Becoming a parent is one of the most amazingly wonderful, emotional and overwhelming experiences of life. One day you’re just you, and the next you are responsible for this tiny little human’s every need. There are a million books about the “right” way to do everything, and even if you’ve read them all, the lady in line at the grocery store still thinks she knows better than you how to mother your child.
A while back, when my daughter started on solids, like any first time mom I was super excited, but if I’m completely honest? A little nervous too. I had studied Pediatric Nutrition in school. I knew all of the textbook info about which foods should be first (rice cereal prepared with breast milk or formula) and that 6-months was the proper age, but everything changes when it’s YOUR child. I did even more research on the topic, refreshing my memory on the “Baby Led Weaning” approach and what that really meant in practice. I always thought it was something I might try, but I had to see what my little girl was like and whether I had the guts to stray from the “norm” of purees. I had a lot of doubters, people asking me so many questions like, “But, she has no teeth…won’t she choke?!”, and “Shouldn’t rice cereal be first? Can she HANDLE meat?!!” And in the beginning, I felt like maybe I should be offering pureed food, so I did (for a week or so). It was fine, it really was, but I am such an adventurous eater, and I wanted to share that with my daughter. I wanted to let her experience the wide world of food and all it has to offer…crunchy, creamy, meaty, salty, sweet, spicy…so many tastes and textures, so much more than mush. And so, about 2 weeks into offering her multigrain cereal, applesauce and butternut squash, I switched gears. I put on my “confident mom” hat and decided Baby Led Weaning was best for us. And here’s how I dealt with the doubters and had an amazing time (correction, am STILL having an amazing time) feeding my daughter everything under the sun! I think these tips actually ring true for most parenting decisions you’ll have to make, so read on…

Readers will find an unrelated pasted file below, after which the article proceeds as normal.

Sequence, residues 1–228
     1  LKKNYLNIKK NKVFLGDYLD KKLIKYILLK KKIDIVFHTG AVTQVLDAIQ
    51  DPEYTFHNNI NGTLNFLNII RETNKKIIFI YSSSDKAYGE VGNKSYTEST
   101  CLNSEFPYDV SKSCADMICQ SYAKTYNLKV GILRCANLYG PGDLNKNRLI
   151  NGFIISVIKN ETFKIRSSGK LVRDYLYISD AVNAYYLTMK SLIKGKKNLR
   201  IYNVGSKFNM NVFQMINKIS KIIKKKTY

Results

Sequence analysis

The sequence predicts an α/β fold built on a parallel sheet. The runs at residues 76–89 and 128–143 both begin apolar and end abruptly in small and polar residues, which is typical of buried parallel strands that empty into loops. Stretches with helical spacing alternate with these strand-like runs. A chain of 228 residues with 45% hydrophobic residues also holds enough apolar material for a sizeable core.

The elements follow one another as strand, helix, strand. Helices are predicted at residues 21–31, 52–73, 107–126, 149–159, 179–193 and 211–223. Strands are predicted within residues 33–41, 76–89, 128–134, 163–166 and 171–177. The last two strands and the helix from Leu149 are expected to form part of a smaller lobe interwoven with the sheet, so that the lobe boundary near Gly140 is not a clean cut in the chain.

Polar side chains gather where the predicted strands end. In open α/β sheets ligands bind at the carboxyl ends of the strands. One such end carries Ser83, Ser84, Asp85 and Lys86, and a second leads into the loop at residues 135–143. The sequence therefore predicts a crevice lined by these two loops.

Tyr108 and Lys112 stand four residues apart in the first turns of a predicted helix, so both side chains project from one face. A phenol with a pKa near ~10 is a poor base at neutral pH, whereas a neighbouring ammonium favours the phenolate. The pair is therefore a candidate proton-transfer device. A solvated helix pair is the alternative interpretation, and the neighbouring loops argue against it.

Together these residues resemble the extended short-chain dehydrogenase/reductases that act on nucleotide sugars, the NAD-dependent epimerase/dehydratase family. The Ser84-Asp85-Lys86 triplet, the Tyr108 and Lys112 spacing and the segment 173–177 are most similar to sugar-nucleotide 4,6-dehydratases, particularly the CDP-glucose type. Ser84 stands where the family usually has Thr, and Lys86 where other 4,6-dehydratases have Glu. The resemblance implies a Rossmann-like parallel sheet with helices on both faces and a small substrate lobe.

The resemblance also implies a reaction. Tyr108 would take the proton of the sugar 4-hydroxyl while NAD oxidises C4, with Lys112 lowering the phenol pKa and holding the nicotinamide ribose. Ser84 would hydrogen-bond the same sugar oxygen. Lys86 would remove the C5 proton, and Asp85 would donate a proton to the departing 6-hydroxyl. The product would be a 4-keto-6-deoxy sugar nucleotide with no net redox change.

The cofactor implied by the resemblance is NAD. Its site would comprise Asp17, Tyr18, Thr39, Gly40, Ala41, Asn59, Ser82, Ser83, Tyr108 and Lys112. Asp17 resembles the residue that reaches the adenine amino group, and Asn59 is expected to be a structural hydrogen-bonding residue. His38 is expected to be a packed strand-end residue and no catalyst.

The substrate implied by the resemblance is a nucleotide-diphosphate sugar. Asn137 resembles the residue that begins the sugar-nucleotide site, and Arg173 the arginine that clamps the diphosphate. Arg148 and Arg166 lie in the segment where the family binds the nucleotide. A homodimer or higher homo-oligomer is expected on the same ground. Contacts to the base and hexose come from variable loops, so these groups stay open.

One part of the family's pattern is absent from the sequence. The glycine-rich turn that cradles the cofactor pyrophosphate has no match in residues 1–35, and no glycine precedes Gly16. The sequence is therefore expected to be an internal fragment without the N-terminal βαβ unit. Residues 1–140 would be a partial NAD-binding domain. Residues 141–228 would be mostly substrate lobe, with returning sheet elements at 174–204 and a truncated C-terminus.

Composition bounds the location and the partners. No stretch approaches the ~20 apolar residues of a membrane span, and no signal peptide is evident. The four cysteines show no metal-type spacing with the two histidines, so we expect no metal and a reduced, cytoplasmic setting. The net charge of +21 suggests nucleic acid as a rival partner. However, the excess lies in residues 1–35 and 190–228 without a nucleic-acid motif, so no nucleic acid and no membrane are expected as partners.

Check with your pediatrician to be sure there is no reason your child should not be eating solids, or should not be introduced using BLW.
There are a few reasons Baby Led Weaning may not be suited to your child. Allergies, developmental delays, and other feeding issues might mean that you’ll have to take things slowly and begin with purees only. Your pediatrician can determine this by examining your child and asking you some questions at baby’s 4 and/or 6 month check-ups.
Do the research, and know why you want to do this.
If you want to be confident in your decision when faced with doubt, you should have some reasons for your choice. Here are some fun facts about BLW supported by scientific research:
-Research has shown that Baby Led Weaning does NOT increase the risk of choking.
-Allowing your child to regulate their food intake may reduce their risk of childhood obesity.
-Waiting until 6 months of age to introduce complementary foods (anything other than breastmilk/formula) may reduce the risk that your child becomes a picky eater.
Know the difference between “gagging” and “choking” and know infant CPR.
It is totally normal for your little one to gag a bit as they are learning to eat. It takes a while for them to learn the proper way to move food around their mouth. Here is an example of a baby gagging, the best I could find via youtube. I have a video of my daughter doing it somewhere, but it has gotten lost in the epic photo/video archive of her life so this will have to do! Basically, if baby gags but keeps on happily eating and shows no signs of distress, everything is fine. You will know if she’s choking because her eyes will get wide, she won’t be getting any air and she will stop eating. This NEVER happened with with my daughter, and is highly unlikely with Baby Led Weaning. Because baby is deciding how much food to take in rather than being fed off a spoon, and because BLW encourages chewing rather than sucking in food, you’ll find babies eat more slowly and very small bits at a time. Offering bigger pieces can help avoid choking, too. In the unlikely event your baby is actually choking, call 911 immediately and be prepared with infant CPR techniques.
Don’t ban purees entirely. There is room for all foods in Baby Led Weaning.
Certain foods that are nutritionally excellent for your baby might not suit themselves to self-feeding. Yogurt, oatmeal, and unsweetened applesauce are just a few examples. However, if you’re creative with your preparation, you can offer these foods in various ways (see my post on Baby Led Weaning Starter Foods). Baby might have fun with these in their purest form, but feel free to mix and match feeding methods if you feel it is best.
Hopefully this has given you a bit more confidence in your decision to try Baby Led Weaning. If you have any more tips for dealing with doubters, please share them in the comments below! Any fun experiences with BLW? Share those too!
For more info about BLW, check out my other posts on the topic here.